CHARLESTON, S.C. (Dec. 20, 2022) – Two bills prefiled in the South Carolina Senate for the 2023 legislative session would legalize medical marijuana despite ongoing federal cannabis prohibition.

Rep. J. Todd Rutherford (D) prefiled House Bill 3226 (H3226) on Dec. 8. Rep. William G. Herbkersman (R) and Rep. Jerry T. Carter (R) prefiled House Bill 3486  (H3486) on the same day.

H3326 would decriminalize the following:

  • The possession and use of limited amounts of medical marijuana by qualified patients
  • Licensed physicians recommending medical marijuana to patients
  • The growing and dispensing of medical marijuana, while providing licensing requirements and buregulations

Qualified patients have to get a registration card that would be stored on a confidential registry. The law creates an affirmative defense for users, growers, and dispensers, while protecting physician from arrest or prosecution “in a court of law in this State or subject to discipline by a professional licensing board.”

H3486 takes a slightly different approach. It prohibits smoking medical marijuana, has separate language around decriminalization, and creates state advisory board. However, both would allow qualifying patients to access marijuana based on a physician’s recommendation.

Under current law, doctors in South Carolina can prescribe CBD oil no more than .9% THC for patients suffering from certain forms of epilepsy.


Under the federal Controlled Substances Act (CSA) passed in 1970, the federal government maintains a complete prohibition of marijuana. Of course, the federal government lacks any constitutional authority to ban or regulate cannabis within the borders of a state, despite the opinion of the politically connected lawyers on the Supreme Court. If you doubt this, ask yourself why it took a constitutional amendment to institute federal alcohol prohibition.

The legalization of low-THC medicinal cannabis removed a small layer of laws prohibiting the possession and use of marijuana in the state even though federal prohibition remains in effect. The creation of a broader medical marijuana system would wipe more state prohibition laws from the books. This is significant because FBI statistics show that law enforcement makes approximately 99 of 100 marijuana arrests under state, not federal law. When states stop enforcing marijuana laws, they sweep away most of the basis for 99 percent of marijuana arrests.

Furthermore, figures indicate it would take 40 percent of the DEA’s yearly budget just to investigate and raid all of the dispensaries in Los Angeles – a single city in a single state. That doesn’t include the cost of prosecution. The lesson? The feds lack the resources to enforce marijuana prohibition without state assistance.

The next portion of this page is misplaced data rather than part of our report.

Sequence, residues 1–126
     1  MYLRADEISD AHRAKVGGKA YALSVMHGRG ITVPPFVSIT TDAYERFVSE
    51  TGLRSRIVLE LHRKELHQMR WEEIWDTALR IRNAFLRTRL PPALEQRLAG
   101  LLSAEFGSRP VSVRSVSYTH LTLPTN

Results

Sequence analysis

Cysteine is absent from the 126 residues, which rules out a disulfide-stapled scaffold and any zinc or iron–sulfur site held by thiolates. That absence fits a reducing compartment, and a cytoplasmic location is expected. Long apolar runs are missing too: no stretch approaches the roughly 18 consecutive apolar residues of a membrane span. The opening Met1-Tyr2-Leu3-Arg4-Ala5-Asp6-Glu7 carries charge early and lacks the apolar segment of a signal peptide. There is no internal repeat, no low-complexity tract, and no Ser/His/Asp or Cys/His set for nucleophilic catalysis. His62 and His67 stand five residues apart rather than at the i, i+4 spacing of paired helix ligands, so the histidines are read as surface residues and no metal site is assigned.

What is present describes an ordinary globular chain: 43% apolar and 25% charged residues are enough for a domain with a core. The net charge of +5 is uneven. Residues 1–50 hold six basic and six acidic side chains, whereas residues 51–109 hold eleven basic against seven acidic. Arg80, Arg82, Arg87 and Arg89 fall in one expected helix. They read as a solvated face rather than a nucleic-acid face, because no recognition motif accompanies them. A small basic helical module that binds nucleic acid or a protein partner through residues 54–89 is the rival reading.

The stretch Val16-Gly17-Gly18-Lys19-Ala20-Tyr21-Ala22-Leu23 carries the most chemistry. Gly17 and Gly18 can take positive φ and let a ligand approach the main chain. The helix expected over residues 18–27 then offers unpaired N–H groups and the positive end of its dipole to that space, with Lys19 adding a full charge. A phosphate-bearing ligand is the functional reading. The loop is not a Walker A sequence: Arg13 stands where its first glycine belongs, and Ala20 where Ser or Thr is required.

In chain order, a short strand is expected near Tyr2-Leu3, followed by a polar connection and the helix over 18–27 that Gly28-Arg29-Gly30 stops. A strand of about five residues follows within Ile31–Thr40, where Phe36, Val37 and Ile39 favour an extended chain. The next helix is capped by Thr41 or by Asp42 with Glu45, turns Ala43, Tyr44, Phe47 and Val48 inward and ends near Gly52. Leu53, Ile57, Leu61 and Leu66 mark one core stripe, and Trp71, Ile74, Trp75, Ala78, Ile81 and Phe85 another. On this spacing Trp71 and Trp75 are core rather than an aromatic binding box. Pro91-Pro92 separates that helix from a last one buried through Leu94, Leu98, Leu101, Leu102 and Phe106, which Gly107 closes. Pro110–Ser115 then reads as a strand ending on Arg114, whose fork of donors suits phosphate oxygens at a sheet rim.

Colorado, Washington state, Oregon and Alaska were the first states to legalize recreational cannabis, and California, Nevada, Maine and Massachusetts joined them after ballot initiatives in favor of legalization passed in November 2016. Michigan followed suit when voters legalized cannabis for general use in 2018. Vermont became the first state to legalize marijuana through a legislative act in 2018. Illinois followed suit in 2019. New Jersey, Montana and Arizona all legalized recreational marijuana through ballot measures in the 2020 election. In 2021, New YorkNew MexicoVirginia and Connecticut legalized marijuana through legislative action, and Rhode Island legalized cannabis for adult use in 2022. With Missouri and Maryland legalizing marijuana in November, there are now 37 states allowing cannabis for medical use, and 21 legalizing for adult recreational use.

The lesson here is pretty straightforward. As Tenth Amendment Center Executive Director Michael Boldin noted, “When enough people say, ‘No!’ to the federal government, and enough states pass laws backing those people up, there’s not much the feds can do to shove their so-called laws, regulations, or mandates down our throats.”


H3226 and H3486 will both be officially introduced and referred to the Committee on Medical, Military, Public and Municipal Affairs when the South Carolina legislative 2023 session begins on Jan. 10. The bills will need to get a hearing and pass the committee by a majority vote before moving forward in the legislative process.

TJ Martinell